# CFD applications : MRF approach for turbo-machinery simulation

### CFD APPLICATIONS: MRF APPROACH FOR TURBO-MACHINERY SIMULATION

Multiple reference frame (MRF) is used in CFD simulations, where separate static and rotating zones are present. For example, in a centrifugal pump, impeller imparts a rotating motion to fluid. The zone of fluid between casing and impeller is a non rotating zone. In a CFD simulation of centrifugal pump, if rotation motion is given to the region of mesh representing the impeller, solution will be based on an unsteady algorithm. The simulation can be made steady, if frame of references is changed. For instance, with respect to an observer standing on a stationary reference frame impeller rotates. But when the observer is on impeller, rotating impeller will look as stationary. In similar manner, steady RANS could be solved for centrifugal pump on a stationary frame, with a condition for providing additional source terms (inertial forces due to rotating reference frame), whenever rotating fluid zone is being solved.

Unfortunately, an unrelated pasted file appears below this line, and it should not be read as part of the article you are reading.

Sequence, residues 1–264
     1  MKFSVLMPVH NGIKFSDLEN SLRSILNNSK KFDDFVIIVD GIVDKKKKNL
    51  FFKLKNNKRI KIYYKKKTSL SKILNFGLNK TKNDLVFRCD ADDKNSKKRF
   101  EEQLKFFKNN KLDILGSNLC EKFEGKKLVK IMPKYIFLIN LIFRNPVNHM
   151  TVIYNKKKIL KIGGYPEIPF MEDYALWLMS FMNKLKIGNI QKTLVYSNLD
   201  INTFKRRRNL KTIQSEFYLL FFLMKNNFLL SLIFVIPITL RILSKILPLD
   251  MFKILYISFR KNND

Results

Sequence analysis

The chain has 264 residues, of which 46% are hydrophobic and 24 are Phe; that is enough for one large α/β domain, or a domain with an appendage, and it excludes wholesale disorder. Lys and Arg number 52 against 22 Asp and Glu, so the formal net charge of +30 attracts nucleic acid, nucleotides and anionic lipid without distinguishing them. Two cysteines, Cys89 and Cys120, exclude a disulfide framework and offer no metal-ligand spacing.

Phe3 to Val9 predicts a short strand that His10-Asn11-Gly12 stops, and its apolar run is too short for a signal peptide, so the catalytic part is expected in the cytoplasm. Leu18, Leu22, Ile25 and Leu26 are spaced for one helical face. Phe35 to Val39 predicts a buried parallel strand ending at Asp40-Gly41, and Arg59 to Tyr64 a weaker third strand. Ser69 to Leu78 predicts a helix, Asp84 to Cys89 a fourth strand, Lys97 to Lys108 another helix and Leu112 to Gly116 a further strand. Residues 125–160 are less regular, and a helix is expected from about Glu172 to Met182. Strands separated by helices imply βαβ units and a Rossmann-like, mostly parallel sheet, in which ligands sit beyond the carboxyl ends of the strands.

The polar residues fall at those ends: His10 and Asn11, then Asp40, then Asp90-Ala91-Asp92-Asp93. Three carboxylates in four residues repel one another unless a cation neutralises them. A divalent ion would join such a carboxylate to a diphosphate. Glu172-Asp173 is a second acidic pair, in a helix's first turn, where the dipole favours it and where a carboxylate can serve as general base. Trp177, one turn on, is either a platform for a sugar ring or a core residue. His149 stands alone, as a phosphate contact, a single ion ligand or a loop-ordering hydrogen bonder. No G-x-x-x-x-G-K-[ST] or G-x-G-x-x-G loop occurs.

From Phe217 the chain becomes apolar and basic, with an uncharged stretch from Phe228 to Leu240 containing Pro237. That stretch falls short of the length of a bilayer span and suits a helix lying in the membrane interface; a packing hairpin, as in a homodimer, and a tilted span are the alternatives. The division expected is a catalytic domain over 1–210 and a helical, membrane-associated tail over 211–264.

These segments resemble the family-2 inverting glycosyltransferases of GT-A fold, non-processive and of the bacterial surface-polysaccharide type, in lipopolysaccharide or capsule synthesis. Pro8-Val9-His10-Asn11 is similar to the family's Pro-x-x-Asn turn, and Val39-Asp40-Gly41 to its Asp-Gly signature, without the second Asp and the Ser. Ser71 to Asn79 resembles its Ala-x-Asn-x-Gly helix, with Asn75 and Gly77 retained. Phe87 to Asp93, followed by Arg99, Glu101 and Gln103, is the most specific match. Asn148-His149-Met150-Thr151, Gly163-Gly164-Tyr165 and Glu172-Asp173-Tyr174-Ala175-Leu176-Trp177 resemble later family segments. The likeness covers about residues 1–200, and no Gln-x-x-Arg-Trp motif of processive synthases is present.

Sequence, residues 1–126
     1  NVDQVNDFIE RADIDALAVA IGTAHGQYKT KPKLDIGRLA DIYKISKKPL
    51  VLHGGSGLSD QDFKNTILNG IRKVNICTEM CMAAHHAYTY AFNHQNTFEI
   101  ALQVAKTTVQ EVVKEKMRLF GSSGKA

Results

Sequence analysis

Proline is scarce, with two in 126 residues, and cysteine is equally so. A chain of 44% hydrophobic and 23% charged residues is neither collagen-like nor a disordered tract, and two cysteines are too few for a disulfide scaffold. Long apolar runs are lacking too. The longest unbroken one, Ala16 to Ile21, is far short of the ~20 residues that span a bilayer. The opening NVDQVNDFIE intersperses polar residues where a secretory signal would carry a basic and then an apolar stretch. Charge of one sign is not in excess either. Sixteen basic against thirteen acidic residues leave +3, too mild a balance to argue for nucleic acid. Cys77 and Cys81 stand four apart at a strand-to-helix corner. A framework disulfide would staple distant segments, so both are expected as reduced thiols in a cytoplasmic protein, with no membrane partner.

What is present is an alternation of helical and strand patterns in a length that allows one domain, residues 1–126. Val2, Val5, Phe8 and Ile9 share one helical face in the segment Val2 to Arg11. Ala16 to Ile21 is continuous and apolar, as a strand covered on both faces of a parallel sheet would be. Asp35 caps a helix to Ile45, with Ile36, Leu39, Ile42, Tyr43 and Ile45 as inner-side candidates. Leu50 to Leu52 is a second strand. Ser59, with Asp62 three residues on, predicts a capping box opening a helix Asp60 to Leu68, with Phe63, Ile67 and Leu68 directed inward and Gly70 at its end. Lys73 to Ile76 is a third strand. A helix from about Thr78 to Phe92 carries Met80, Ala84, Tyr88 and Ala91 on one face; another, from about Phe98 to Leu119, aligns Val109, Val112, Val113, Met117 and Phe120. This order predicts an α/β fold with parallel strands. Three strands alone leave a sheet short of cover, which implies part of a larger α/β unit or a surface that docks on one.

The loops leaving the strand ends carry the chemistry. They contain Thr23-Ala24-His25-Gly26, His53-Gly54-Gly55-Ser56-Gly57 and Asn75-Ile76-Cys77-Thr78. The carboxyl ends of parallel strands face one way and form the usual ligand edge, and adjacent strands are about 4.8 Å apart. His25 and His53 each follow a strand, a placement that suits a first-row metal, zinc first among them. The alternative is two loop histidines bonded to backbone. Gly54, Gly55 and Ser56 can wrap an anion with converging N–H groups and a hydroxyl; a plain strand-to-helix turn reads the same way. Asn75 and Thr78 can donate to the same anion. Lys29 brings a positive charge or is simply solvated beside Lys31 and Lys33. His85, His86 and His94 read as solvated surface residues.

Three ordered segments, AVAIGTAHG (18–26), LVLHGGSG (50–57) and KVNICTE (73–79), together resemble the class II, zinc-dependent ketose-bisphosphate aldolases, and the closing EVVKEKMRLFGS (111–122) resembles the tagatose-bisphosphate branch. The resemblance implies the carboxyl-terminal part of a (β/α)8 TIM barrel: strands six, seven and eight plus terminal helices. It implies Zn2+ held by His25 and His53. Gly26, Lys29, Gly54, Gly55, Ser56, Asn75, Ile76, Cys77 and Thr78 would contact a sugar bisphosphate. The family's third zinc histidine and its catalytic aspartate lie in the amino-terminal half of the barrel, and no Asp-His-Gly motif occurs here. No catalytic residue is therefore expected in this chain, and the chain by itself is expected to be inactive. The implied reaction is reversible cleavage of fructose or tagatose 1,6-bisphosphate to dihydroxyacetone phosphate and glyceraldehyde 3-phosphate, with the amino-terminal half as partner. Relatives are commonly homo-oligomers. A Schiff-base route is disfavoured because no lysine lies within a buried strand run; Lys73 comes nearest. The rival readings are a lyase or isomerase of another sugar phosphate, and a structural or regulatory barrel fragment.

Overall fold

Thus CFD algorithm uses multiple reference frames for making an unsteady case apparently steady. MRF approach is widely used in solving industrial problems. A proper selection of turbulence models and wall y+ in CFD could produce results very close to experimental findings. The MRF is zone specification in a CFD solver includes, specifying an origin point, axis and speed of rotation. Solvers also allow for non-rotating patches in MRF zones. Some other examples of MRF simulations are flow analysis of fan, turbine, mixer, agitator etc. After an MRF simulation a validation can be done with experimental data. Except MRF, dynamic mesh is another technique which can be used to solve similar problems. Courant number should be taken care for dynamic mesh motions. Dynamic meshing is a computationally intensive technique, hence it is always better to use MRF technique as far as possible.